Breaking new ground: The fight for affordable housing

Driven by a growing economy and strong stock market, home and rent prices have steadily increased for nearly 10 years straight. While this growth has been a boon for owners, renters are increasingly finding it harder to find stable, long-term housing. In fact, nearly 40 million Americans cannot afford their current homes—spending as much as half of their incomes just to meet their rent1.

Neither governments nor nonprofits alone seem able to marshal the resources needed. Where, then, can the money be found? Increasingly, the answer seems to be private investors—who are making great strides in learning how to partner with governments and nonprofits to address the housing crisis.

New financing partnerships could reshape housing

The federal government spends nearly $200 billion per year on housing assistance programs, but the vast majority of it is allocated, via tax deductions, to households earning more than $100,000 per year. Americans earning less than $30,000 per year receive only a small slice of that assistance2.

Meanwhile, it’s estimated that as many as 7.2 million new units are needed3 to meet current demand for affordable housing. To address this shortfall, local governments often partner with nonprofits to finance the building of more affordable homes. These partnerships provide critical support, but the problem is simply too large to be resolved on a state-by-state, or even county-by-county, basis.

That’s where private capital—through grants or direct investments, and working in partnership with local governments and nonprofits—can help come up with solutions. In 2018, for example, Bank of America deployed $4.7 billion through community development financial institutions (CDFIs) to help neighborhoods across the country in greatest need of affordable housing. CDFIs are designed to provide lower-than-market-rate capital to underserviced communities, enabling them to develop affordable housing, build charter schools and promote economic development.

3,500 homes for 10,000 San Franciscans

Residents in the courtyard at Holly Courts, one of the many housing developments transformed through the San Francisco RAD program.

In 2016, Bank of America Merrill Lynch completed financing for the San Francisco Rental Assistance Demonstration (RAD) program. San Francisco’s public housing projects needed an estimated $230 million for repairs—money the San Francisco Housing Authority didn’t have. To help close the financing gap, Bank of America combined debt and equity solutions to fund nearly 3,500 affordable housing units, providing long-term homes to more than 10,000 Bay Area residents. The bank also used tax-credit equity to get residents access to health and financial wellness services, create common spaces—and even install rooftop gardens so tenants can grow fresh produce.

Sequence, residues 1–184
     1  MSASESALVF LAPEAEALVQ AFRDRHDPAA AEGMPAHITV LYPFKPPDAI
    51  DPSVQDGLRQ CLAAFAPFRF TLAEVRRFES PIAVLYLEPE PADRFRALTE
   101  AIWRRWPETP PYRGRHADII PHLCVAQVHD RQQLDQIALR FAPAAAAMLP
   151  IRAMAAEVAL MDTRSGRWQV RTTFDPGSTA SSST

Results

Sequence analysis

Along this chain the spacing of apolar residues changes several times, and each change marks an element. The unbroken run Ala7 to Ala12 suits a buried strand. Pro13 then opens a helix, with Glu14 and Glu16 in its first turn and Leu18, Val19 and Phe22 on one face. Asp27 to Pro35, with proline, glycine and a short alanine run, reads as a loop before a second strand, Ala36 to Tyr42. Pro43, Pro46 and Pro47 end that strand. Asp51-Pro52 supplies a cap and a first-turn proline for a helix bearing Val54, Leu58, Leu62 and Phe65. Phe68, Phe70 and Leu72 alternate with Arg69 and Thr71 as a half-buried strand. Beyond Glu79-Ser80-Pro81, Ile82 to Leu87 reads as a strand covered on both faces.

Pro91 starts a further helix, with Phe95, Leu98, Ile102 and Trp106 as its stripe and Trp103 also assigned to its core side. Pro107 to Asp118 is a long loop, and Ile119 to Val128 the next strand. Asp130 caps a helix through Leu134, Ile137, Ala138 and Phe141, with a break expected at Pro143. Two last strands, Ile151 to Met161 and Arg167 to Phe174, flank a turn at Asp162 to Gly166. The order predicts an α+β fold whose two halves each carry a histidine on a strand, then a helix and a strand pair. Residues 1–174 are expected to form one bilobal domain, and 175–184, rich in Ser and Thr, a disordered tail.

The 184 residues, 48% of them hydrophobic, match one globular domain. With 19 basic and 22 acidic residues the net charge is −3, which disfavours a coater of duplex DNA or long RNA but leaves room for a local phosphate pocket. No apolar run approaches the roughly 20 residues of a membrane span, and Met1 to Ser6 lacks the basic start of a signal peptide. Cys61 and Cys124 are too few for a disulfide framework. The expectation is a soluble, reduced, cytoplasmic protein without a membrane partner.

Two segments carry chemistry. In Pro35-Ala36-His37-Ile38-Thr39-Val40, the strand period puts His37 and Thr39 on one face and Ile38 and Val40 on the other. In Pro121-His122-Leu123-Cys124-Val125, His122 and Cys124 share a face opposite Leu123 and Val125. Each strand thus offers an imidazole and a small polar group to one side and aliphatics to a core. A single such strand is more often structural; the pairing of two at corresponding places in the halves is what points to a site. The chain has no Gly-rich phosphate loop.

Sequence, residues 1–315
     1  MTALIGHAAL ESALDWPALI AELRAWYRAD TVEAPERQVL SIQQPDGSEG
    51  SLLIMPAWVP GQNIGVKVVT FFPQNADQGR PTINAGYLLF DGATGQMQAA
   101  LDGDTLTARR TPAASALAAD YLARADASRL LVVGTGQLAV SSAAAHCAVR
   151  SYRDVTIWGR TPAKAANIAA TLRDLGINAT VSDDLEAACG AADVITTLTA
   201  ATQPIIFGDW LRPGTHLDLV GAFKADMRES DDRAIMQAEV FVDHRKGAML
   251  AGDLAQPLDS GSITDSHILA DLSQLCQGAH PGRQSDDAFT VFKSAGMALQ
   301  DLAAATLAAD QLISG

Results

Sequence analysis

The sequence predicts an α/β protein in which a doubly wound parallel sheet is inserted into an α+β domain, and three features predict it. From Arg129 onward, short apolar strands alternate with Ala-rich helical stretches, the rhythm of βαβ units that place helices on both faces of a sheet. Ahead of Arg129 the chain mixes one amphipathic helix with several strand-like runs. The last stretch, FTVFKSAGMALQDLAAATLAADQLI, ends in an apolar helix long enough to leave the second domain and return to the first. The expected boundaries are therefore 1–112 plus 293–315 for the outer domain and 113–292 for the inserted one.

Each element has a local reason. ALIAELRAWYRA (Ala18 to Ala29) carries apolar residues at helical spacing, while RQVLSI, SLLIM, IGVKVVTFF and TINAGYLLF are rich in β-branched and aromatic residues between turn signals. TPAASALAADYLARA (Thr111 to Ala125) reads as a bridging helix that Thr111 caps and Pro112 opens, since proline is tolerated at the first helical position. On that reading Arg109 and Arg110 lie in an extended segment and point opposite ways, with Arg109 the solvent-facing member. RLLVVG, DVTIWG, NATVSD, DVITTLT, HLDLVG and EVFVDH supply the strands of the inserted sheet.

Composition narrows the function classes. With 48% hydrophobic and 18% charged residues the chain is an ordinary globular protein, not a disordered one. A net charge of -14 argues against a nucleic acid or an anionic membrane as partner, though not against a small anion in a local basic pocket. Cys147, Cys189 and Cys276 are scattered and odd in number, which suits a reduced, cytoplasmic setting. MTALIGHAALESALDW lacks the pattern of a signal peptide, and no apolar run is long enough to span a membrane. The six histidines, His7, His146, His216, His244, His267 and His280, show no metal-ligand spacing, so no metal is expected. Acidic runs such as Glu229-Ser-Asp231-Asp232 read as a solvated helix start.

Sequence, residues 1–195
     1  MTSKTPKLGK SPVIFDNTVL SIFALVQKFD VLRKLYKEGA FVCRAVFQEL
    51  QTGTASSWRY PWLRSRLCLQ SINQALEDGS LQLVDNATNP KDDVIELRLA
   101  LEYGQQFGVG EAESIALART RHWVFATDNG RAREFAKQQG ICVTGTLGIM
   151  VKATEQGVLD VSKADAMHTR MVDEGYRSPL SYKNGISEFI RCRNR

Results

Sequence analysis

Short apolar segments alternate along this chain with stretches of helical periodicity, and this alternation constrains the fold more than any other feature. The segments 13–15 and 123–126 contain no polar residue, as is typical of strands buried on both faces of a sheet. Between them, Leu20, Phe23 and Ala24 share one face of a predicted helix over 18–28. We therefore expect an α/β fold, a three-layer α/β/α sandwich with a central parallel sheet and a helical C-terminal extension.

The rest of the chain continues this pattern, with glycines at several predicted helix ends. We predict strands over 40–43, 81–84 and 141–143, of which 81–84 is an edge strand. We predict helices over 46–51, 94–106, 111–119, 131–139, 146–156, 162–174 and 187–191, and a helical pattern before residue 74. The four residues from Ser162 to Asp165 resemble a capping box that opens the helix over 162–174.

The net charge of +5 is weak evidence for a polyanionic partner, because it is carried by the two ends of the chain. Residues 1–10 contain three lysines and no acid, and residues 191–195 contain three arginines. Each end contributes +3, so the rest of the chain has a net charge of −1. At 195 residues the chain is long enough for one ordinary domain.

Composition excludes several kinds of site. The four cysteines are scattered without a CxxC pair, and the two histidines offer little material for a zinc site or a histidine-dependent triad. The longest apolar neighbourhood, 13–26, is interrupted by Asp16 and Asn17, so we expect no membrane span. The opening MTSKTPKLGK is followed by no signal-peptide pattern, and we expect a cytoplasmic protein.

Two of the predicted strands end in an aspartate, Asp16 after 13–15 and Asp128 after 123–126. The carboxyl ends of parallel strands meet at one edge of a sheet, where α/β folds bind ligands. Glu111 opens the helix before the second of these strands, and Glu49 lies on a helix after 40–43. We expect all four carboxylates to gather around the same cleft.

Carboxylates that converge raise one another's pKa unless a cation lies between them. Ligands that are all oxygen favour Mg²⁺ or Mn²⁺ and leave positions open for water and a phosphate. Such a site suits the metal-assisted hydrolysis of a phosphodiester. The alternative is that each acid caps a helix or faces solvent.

1,400 new affordable units in Los Angeles

people in a circle with shovels people in a circle with shovels

Raul Anaya, market president for Greater Los Angeles, is joined by Mayor Eric Garcetti and other city officials, developers, activists and residents at the groundbreaking ceremony for the new Jordan Downs housing development. (Photo by Ted7 Photography, courtesy of BRIDGE Housing.)

Five years ago, Jordan Downs, a 1950s-era public housing development in the Watts neighborhood of Los Angeles, was in dire need of redevelopment—which it’s now getting, through the cooperation of Bank of America, the City of Los Angeles, the Los Angeles Housing Authority, the nonprofit BRIDGE Housing and for-profit developer Michaels. The completed project will add 1,400 affordable housing units, new retail spaces, a community center, and public green spaces and parks. For the initial phase of the project, Bank of America Merrill Lynch provided $56.7 million in construction loans and $50.4 million in low-income housing tax credit (LIHTC) equity to break ground on 250 new units.

Now, other large companies are beginning to see the importance of helping develop affordable housing in the communities they serve. In January 2019, Washington state-based Microsoft announced a partnership with the cities of Seattle and Redmond to commit $500 million to increase the affordable housing stock. Their decision is part of a growing trend that looks beyond just philanthropy to find solutions to this problem.

To solve an issue as large as the affordable housing crisis, city, county and state governments, nonprofits and private companies will need to adopt and improve on the creative approaches like those that made the Jordan Downs and SF RAD projects a success. The combination of policy expertise from local governments, the deep understanding of the issues NGOs have, and the ability for large financial institutions to find ways to deliver the capital needed are all key elements to finding a lasting solution. As this cooperative model matures and brings more creative solutions to bear, it offers great promise for resolving affordable housing issues not just locally, but even globally.

Read more about our commitment to affordable housing and community development.

 

1. https://www.jchs.harvard.edu/sites/default/files/harvard_jchs_state_of_the_nations_housing_2017_chap1.pdf

2. https://www.cbpp.org/research/housing/chart-book-federal-housing-spending-is-poorly-matched-to-need

2. https://www.uc.edu/cdc/niehoff_studio/programs/uptown/fall_06/articles/Benefits%20of%20Home%20ownership.pdf

3. https://nlihc.org/news/us-has-national-shortage-more-72-million-affordable-available-rental-homes-families-most-need

3/27/19


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